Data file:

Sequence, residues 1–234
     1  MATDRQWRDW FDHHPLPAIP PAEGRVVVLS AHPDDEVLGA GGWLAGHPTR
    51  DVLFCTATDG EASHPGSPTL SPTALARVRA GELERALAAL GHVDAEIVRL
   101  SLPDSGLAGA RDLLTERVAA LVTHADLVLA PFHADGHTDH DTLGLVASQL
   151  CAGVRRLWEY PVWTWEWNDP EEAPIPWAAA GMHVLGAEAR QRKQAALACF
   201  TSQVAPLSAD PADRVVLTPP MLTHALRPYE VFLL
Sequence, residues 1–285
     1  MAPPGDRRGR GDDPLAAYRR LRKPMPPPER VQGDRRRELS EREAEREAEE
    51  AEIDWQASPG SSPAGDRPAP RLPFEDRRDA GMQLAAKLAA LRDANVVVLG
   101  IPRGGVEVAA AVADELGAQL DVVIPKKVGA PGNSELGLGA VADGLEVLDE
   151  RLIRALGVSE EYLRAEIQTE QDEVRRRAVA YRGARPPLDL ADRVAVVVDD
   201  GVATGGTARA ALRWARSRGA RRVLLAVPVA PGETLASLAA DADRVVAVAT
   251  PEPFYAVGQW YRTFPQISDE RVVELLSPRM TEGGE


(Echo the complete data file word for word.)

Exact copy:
Sequence, residues 1–234
     1  MATDRQWRDW FDHHPLPAIP PAEGRVVVLS AHPDDEVLGA GGWLAGHPTR
    51  DVLFCTATDG EASHPGSPTL SPTALARVRA GELERALAAL GHVDAEIVRL
   101  SLPDSGLAGA RDLLTERVAA LVTHADLVLA PFHADGHTDH DTLGLVASQL
   151  CAGVRRLWEY PVWTWEWNDP EEAPIPWAAA GMHVLGAEAR QRKQAALACF
   201  TSQVAPLSAD PADRVVLTPP MLTHALRPYE VFLL
Sequence, residues 1–285
     1  MAPPGDRRGR GDDPLAAYRR LRKPMPPPER VQGDRRRELS EREAEREAEE
    51  AEIDWQASPG SSPAGDRPAP RLPFEDRRDA GMQLAAKLAA LRDANVVVLG
   101  IPRGGVEVAA AVADELGAQL DVVIPKKVGA PGNSELGLGA VADGLEVLDE
   151  RLIRALGVSE EYLRAEIQTE QDEVRRRAVA YRGARPPLDL ADRVAVVVDD
   201  GVATGGTARA ALRWARSRGA RRVLLAVPVA PGETLASLAA DADRVVAVAT
   251  PEPFYAVGQW YRTFPQISDE RVVELLSPRM TEGGE